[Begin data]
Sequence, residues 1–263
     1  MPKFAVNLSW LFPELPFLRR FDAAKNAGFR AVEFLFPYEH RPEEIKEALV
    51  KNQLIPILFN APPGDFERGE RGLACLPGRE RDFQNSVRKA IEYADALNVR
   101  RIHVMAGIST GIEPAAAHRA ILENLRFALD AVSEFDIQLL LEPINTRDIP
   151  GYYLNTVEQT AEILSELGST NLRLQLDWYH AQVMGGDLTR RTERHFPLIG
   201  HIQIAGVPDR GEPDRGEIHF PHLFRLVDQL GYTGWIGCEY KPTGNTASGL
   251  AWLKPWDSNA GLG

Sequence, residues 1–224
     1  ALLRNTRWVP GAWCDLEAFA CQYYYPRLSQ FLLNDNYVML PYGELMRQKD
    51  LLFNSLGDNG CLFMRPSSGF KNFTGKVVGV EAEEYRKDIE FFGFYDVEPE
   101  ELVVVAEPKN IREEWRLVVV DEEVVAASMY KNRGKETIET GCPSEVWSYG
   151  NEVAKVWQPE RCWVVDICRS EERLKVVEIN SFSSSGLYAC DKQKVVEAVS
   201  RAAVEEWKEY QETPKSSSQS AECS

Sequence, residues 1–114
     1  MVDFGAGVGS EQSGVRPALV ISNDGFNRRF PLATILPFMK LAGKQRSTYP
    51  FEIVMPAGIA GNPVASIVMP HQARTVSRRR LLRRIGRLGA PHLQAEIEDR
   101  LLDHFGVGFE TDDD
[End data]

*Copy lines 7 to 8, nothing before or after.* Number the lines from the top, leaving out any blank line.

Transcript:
   251  AWLKPWDSNA GLG

Sequence, residues 1–224